Learning Something New Every Day is Associated with Greater Success in Maintaining Sobriety
Have you ever dreamed of playing a musical instrument well? Or perhaps you always wanted to be fluent in an exotic language. Decades of research into brain placidity, has shown that; people who make a conscious effort to learn something new everyday, can change their brains and their over-all outlook on life. Furthermore, the act of learning may also help people who struggle with alcoholism and addiction stay sober.
The act of dedicating ones life to mastering a skill—that is intellectually challenging—can reverse much of the neuronal challenges that can accompany alcoholism and addiction. This is because when we acquire a new skill—like playing a musical instrument—Our brains must work to create new neuronal pathways. This can then act to stimulate parts of the brain associated with pleasure and critical thinking.
What we Know About Addiction the Brain and Staying Sober
We know, based on extensive research on the brains of addicted persons, that one of the main parts of the brain affected is the mesolimbic-dopamine system (MDS). This part of the brain is heavily influenced by the neurotransmitter dopamine; a chemical messenger associated with feelings of pleasure and reward. Similarly, we are stimulating the same pleasure response pathway, when we are fully engaged in learning a task we truly enjoy. This is especially true when we are studying music. But simply studying any subject with great intention and effort can have a profound affect on brain health and function.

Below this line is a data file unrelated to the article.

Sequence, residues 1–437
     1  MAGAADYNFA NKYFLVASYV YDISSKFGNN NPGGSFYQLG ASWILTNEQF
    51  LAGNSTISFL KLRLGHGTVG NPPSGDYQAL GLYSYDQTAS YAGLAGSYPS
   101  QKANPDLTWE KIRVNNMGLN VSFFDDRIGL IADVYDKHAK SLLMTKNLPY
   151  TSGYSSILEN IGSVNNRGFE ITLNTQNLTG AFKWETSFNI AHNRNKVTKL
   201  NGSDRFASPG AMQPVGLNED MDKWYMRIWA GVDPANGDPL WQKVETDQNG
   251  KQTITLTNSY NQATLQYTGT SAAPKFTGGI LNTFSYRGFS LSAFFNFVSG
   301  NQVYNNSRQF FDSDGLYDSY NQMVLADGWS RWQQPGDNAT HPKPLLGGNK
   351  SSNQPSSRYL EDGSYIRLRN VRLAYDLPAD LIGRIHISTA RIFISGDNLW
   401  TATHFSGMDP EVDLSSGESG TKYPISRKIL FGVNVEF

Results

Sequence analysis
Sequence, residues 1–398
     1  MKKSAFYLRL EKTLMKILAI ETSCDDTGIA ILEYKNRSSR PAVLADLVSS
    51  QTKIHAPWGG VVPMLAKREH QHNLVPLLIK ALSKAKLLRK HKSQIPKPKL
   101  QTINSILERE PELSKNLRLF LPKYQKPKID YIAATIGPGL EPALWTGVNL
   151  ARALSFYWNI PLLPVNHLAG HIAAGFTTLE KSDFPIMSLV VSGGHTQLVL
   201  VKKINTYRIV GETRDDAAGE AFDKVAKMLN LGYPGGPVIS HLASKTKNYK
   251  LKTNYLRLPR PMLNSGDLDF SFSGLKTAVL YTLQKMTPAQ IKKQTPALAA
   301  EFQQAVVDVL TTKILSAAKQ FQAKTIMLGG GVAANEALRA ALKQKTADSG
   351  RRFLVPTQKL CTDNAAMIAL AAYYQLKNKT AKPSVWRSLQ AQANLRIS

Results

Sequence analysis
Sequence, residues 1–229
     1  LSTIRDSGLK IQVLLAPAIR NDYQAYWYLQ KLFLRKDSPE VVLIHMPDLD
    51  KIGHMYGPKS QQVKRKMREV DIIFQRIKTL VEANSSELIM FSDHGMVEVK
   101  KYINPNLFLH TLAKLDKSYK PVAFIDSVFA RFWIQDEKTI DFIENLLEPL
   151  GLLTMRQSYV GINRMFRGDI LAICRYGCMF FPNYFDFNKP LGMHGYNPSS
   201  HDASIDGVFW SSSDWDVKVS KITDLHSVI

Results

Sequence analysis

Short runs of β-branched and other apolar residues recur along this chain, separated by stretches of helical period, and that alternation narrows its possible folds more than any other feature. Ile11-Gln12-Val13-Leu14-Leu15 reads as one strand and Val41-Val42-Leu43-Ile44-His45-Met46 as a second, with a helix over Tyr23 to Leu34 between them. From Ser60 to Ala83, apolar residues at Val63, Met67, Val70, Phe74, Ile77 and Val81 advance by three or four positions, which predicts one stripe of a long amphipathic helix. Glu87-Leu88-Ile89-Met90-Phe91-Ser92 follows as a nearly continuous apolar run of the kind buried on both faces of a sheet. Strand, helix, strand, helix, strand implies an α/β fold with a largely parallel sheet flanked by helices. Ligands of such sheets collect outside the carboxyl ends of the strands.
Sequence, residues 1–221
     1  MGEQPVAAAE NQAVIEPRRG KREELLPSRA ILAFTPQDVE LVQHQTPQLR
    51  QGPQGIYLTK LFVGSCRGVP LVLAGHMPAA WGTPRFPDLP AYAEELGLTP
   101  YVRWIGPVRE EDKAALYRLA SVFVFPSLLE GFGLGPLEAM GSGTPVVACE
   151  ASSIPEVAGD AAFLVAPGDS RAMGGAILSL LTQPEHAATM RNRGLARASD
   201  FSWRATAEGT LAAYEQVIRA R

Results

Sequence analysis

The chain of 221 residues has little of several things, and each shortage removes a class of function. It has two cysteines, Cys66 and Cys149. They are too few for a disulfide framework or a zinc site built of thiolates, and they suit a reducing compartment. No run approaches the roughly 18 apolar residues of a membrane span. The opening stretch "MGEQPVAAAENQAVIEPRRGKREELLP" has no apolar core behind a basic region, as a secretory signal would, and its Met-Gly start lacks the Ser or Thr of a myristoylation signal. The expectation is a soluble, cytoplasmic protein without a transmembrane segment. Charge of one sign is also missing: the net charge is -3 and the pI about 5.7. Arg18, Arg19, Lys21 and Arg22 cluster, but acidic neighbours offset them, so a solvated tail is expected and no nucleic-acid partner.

How the Brain Has Evolved
Another area of the brain affected by addiction is the pre-frontal cortex and frontal lobes. This is the area the brain we associate with being conscious of our actions and their impact on others. This was the last part of the brain to evolve in humans, and is thought to be the area responsible for our ability to make executive decisions and and our capacity to reason. In the case of addiction, the pre-frontal aspects of the brain may be diminished or reduced in size and function. Learning, can stimulate neuronal activity and growth in the pre-frontal and frontal lobe areas of the brain—thereby improving brain function and aiding in maintaining sobriety and reasoning skills.
Whatever you choose to study may not be as important as the act of simply learning something. Because learning, formal education, and the act of furthering ones education, has such a strong positive correlation with long-term sobriety regardless of the subject being studied.
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